Daily Podcast: Will We See An All-Female Avengers In The MCU? Avatar, New Mutants, Mindhunter, Weinstein

black widow movie

On the October 16, 2017 episode of /Film Daily, Peter Sciretta is joined by Hoai-Tran Bui and Jacob Hall to talk about the latest news, including the latest on Harvey Weinstein, Mindhunter season 2, The New Mutants, Avatar sequel casting, and is an all-female Marvel superhero movie in our future? At The Water Cooler, we’ll be talking about puppies, becoming new homeowners, movie pass, The Florida Project, David Fincher’s Mindhunters, and playing Stardew Valley.

You can subscribe to /Film Daily on iTunes, Google Play, Overcast and all the popular podcast apps (here is the RSS URL if you need it).

In The Water Cooler:

  • Peter adopted a new puppy named Gizmo and watched the first two episodes of David Fincher’s Mindhunters.
  • HT got her Movie Pass finally? Or saw The Florida Project
  • Jacob moved into a new house and started playing Stardew Valley.

In the News:

You can find more about all the stories we mentioned on today’s show at slashfilm.com. /Film Daily is published every weekday, bringing you the most exciting news from the world of movies and television as well as deeper dives into the great features from slashfilm.com. You can subscribe to /Film Daily on iTunes, Google Play, Overcast and all the popular podcast apps (RSS). We’re still very much experimenting with this podcast, please feel free to send your feedback to us at peter@slashfilm.com. Please rate and review the podcast on iTunes and spread the word! Thanks to Sam Hume for our logo.

The post Daily Podcast: Will We See An All-Female Avengers In The MCU? Avatar, New Mutants, Mindhunter, Weinstein appeared first on /Film.


/Film

Daily Dialogue — October 2, 2017

“Well, you’ve taken good care of your body. Such a waste.”

Casino Royale (2006), screenplay by Neal Purvis & Robert Wade and Paul Haggis, novel by Ian Fleming

The Daily Dialogue theme for the week: Interrogation.

Trivia: Ian Fleming once said on writing the “Casino Royale” novel: “Writing about 2,000 words in three hours every morning, ‘Casino Royale’ dutifully produced itself. I wrote nothing and made no corrections until the book was finished. If I had looked back at what I had written the day before, I might have despaired.”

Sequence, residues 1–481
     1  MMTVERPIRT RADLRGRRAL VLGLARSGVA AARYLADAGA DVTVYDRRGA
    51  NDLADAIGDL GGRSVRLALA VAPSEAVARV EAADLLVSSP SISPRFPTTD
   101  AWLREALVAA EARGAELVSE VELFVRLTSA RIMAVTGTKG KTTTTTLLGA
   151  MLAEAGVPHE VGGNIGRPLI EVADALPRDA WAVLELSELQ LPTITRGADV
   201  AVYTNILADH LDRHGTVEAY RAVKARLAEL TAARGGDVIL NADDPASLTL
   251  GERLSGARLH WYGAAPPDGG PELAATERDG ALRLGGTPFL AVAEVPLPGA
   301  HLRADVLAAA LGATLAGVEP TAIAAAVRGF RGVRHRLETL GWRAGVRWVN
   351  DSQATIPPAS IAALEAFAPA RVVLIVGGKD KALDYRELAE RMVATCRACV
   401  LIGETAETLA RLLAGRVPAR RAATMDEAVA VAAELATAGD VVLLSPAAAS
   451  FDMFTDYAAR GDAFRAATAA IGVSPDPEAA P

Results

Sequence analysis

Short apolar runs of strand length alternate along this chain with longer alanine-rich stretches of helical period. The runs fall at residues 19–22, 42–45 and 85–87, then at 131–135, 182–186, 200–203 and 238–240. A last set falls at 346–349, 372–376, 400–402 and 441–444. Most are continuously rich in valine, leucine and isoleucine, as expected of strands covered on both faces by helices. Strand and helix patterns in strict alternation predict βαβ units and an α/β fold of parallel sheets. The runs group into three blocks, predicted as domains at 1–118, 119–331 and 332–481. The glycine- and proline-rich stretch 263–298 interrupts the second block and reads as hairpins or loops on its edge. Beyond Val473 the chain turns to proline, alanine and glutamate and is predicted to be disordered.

Dialogue On Dialogue: One way to intensify the effect of torture is to create fear within the victim. Le Chiffre’s opening line in the scene does just that.


Daily Dialogue — October 2, 2017 was originally published in Go Into The Story on Medium, where people are continuing the conversation by highlighting and responding to this story.

Go Into The Story – Medium

Daily Dialogue — September 30, 2017

ANNIE: Hold on. Take Sepulveda to Slauson to La Brea. Take La Brea north to Sixth into downtown. (on the phone) So what? You’ll be up late. I’m pulling an all-nighter too, so save the tears.
MAX: I’ll take the 105 east to the 110. That’s faster.
ANNIE: What?
MAX: I said, the 105 to the 110, that’ll get you there quicker.
ANNIE: The 110 turns into a parking lot around USC.
MAX: But once you get to La Brea north of Santa Monica, then it’s jammed.
ANNIE: The 110 north of the 10, you get people driving to Pasadena, and they drive slow.|
MAX: Yeah, they do, but what I do is I get off on Grand, and then I… Hey, surface roads is what you want, that’s what we’ll do.
ANNIE: Are we taking bets?
MAX: Are we?
ANNIE: But what if you’re wrong?
MAX: I don’t think I’m gonna be wrong, but if I am, the ride is free.
ANNIE: Okay, you got yourself a deal.

Collateral (2004), written by Stuart Beattie

The Daily Dialogue theme for the week: Transportation, suggested by Denise Garcia. Today’s recommendation by Gisela Wehrl.

Trivia: On-set, Jamie Foxx accidentally drove his car into Tom Cruise’s. Foxx was bemused to see that the crew immediately rushed to Cruise’s aid first, he being the bigger star.

Dialogue On Dialogue: Commentary by Gisela: “L.A. it’s their hometown and both know it by heart. But Max is a also a master of his job and of words, therefore he will win the bet and will gain Annie’s respect and interest.

The scene is a great example how you can work with status. It changes Max’s role from a servant whom Annie gives orders to while not listening to him — to a interesting conversation partner.”


Daily Dialogue — September 30, 2017 was originally published in Go Into The Story on Medium, where people are continuing the conversation by highlighting and responding to this story.

Go Into The Story – Medium

Daily Dialogue — September 29, 2017